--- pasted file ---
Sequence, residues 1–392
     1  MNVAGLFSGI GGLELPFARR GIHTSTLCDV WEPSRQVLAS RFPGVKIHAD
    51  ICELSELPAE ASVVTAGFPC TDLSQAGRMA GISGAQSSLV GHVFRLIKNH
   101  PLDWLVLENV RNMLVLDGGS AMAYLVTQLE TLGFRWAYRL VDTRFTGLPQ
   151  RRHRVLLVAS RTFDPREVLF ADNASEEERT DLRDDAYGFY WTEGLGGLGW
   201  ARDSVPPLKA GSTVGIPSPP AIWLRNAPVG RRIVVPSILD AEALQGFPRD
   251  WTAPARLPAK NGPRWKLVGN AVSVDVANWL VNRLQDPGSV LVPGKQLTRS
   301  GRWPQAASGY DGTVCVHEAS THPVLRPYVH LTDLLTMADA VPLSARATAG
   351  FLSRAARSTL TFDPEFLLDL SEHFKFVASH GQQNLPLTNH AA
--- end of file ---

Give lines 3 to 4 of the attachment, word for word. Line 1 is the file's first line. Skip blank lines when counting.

    51  ICELSELPAE ASVVTAGFPC TDLSQAGRMA GISGAQSSLV GHVFRLIKNH
   101  PLDWLVLENV RNMLVLDGGS AMAYLVTQLE TLGFRWAYRL VDTRFTGLPQ